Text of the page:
I grew 3 crown prince last year fidget and they were indeed rampant - they grew to well over 6m!  I left them to their own devices but only had one or 2 fruit set per plant despite hand-pollinating - each was about 4kg,  so I suggest some control may be better and might produce a greater number of more manageable sized fruit.  Perhaps try that with one or two of them?  This year I also have a couple of them and am going to pinch out the main growing tip at 3m as an experiment and when side shoots develop, pinch those out after the first fruit set on each (if they do..)  In addition I have several other varieties and harrier are my best hope for the future - they are producing female flowers much closer to the centre and are supposed to be bushy and less spreading.  We shall see!  Also growing barbara butternut, autumn crown (blurb says average 5 fruit per plant and a bit smaller than c.prince) and pumpkin summer ball which I can't praise highly enough - extremely compact, incredibly productive (think courgettes!) and also store much better than I thought they would.  They are a regular here.  If no-one else with more experience chips-in, perhaps we can report back on this thread about developments/results?

edit: Edd replied while[ I was typing, so looks like pinching out is the thing to do.

Olive tree

Posted: 10/07/2014 at 21:14

Mine grows happily in John Innes no.3 with a fair bit of gritty sharp sand mixed in.  Pot-grown things can be re-potted at almost any time of the year - if you do it now, give it a good watering before and after then leave it until the top inch of soil is dry - one thing they really don't like is wet feet and must have very free-draining soil.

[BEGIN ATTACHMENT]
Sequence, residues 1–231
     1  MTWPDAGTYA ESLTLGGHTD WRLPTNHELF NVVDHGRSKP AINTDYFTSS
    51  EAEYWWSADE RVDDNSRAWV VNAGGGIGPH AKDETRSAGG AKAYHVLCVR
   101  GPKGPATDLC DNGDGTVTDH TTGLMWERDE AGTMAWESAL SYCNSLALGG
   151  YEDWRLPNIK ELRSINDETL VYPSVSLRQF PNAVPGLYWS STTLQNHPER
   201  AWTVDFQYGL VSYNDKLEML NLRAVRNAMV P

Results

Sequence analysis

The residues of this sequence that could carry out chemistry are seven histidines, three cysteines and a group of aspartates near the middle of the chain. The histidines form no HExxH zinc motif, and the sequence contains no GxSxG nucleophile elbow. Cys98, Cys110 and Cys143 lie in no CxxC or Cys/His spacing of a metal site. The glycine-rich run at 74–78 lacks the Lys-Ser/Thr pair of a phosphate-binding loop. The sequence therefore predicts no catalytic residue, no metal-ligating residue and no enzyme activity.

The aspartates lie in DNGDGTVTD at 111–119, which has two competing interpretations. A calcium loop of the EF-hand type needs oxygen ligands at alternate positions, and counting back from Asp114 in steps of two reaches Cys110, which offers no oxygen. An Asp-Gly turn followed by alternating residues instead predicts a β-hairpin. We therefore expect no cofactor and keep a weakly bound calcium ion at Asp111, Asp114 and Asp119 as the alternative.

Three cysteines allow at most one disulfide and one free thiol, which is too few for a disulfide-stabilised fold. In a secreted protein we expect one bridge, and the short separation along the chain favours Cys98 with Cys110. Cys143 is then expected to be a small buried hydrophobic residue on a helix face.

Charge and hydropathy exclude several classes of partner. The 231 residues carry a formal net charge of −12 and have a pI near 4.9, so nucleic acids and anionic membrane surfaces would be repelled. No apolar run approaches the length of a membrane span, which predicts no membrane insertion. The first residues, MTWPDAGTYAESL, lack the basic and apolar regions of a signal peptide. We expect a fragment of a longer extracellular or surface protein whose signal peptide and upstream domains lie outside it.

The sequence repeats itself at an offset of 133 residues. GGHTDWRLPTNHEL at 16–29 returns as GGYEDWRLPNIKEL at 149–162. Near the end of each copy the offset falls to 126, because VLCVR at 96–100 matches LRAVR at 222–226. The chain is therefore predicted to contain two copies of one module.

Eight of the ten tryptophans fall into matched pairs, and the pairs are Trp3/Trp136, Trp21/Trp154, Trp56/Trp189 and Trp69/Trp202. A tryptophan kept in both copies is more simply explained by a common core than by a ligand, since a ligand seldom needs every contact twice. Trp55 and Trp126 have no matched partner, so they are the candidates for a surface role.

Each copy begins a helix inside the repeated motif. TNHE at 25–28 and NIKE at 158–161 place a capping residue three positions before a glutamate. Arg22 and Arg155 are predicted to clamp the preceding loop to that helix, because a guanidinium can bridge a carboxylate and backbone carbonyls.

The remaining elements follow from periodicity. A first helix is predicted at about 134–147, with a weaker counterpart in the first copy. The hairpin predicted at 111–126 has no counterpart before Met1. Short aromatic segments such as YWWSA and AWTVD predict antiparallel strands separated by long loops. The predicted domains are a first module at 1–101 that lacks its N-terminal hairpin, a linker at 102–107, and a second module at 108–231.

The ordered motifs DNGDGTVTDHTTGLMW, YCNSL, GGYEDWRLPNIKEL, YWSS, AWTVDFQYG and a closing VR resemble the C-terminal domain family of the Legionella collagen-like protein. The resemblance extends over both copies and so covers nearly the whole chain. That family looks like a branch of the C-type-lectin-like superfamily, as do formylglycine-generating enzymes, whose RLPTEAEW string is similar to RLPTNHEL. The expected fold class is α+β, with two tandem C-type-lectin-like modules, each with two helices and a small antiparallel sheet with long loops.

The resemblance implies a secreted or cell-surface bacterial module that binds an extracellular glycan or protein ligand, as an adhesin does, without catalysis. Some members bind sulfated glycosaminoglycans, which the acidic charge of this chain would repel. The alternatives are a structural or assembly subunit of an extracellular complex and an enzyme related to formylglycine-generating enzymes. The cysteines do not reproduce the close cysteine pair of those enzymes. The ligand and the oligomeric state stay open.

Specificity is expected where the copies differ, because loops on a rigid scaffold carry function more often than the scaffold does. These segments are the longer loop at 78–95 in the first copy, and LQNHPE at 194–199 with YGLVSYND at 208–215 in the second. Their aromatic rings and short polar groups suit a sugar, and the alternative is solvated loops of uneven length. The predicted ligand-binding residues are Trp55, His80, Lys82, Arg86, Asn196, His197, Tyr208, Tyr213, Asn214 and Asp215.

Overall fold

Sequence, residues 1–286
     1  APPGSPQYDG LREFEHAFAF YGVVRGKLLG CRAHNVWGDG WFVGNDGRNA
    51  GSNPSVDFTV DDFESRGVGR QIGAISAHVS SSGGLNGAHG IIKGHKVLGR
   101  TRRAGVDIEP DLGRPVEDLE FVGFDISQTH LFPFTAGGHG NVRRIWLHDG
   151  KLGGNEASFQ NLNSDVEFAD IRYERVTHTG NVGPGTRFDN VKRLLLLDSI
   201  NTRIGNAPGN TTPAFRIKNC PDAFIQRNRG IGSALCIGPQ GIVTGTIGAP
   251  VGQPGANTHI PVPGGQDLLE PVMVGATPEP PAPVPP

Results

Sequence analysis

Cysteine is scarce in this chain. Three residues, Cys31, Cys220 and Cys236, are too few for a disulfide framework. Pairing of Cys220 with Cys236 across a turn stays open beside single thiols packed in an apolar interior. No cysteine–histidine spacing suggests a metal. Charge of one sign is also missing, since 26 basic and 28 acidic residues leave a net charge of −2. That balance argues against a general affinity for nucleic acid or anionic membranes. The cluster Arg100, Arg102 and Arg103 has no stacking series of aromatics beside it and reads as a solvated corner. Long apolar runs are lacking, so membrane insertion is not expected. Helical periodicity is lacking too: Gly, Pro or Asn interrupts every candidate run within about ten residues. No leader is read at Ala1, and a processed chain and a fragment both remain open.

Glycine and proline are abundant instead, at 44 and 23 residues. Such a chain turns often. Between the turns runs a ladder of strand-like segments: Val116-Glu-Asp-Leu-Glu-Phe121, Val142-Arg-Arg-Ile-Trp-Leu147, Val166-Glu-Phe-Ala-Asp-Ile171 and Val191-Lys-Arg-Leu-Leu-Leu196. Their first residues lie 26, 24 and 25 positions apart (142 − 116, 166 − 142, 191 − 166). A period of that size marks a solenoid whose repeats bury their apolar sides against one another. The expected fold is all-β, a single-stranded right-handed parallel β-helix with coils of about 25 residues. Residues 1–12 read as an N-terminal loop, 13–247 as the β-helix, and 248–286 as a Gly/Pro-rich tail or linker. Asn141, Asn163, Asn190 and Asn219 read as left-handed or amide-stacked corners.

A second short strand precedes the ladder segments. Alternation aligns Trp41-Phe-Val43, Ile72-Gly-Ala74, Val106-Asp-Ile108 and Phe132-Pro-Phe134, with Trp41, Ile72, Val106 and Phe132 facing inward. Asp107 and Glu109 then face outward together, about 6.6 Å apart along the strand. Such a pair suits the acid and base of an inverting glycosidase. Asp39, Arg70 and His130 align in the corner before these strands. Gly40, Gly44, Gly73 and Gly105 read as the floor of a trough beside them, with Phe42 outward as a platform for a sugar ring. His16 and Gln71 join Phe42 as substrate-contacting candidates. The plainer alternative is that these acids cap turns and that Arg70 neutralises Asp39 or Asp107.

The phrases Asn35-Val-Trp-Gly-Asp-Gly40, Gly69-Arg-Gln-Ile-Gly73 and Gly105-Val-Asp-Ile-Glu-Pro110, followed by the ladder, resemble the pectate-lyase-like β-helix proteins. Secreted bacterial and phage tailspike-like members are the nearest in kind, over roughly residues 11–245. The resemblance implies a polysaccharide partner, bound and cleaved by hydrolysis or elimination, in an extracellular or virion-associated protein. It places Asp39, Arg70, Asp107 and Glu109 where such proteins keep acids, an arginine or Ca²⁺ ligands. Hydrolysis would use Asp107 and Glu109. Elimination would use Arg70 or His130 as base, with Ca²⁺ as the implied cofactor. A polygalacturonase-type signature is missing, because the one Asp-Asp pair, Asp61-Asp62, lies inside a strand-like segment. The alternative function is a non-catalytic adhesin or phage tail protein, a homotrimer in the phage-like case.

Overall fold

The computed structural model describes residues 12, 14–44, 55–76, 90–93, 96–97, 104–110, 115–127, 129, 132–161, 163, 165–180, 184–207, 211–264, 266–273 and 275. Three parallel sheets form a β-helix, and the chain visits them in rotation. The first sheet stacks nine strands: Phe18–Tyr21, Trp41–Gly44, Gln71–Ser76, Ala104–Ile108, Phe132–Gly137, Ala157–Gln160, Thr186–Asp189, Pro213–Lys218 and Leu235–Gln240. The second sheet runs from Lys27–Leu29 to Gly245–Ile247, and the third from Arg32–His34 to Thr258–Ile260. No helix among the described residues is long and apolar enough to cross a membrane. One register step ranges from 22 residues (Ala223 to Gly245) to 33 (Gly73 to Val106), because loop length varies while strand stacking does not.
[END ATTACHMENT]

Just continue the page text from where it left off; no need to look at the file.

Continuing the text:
Don't be tempted to try and remove a lot of the old compost from the root-ball when you re-pot it - that won't do it any good at all.  Just put it in a new pot which is about 20% bigger then the one it is now in and pack the new compost down the gap between root-ball and sides of the new container to ensure no air gaps. You could mix a bit of slow-release fertiliser in with the new soil though.

peach tree

Posted: 10/07/2014 at 20:48

I'd leave them be at the moment and do the pruning in spring, just as the flower buds are starting to show colour.  That way you can see which branches are going to bear fruit and can avoid losing too many of those.

Discussions started by BobTheGardener

Plant ID quizzes

Have fun identifying plants! 
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Watering dried-out pots

Tip to help to stop water running straight through 
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Bob's guide to picking soft fruit

Only fto be read by your household's main gardener! 
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I went down the garden in the gloom.. 
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Flew into the polytunnel for a while 
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A week of rain = jungle garden!

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Check your delphiniums for caterpillars

Look for distorted and damaged leaves near the tips 
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Seed grown Wisteria finally in flower - Hooray!

Planted many years ago 
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Oops!

Polytunnel growing 
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How id your garden looking 
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DIY heated propagator

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Cost of bird food

bulk vs supermarket 
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Wild Garden (Community Channel)

On Freeview/Sky 
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1 to 15 of 24 threads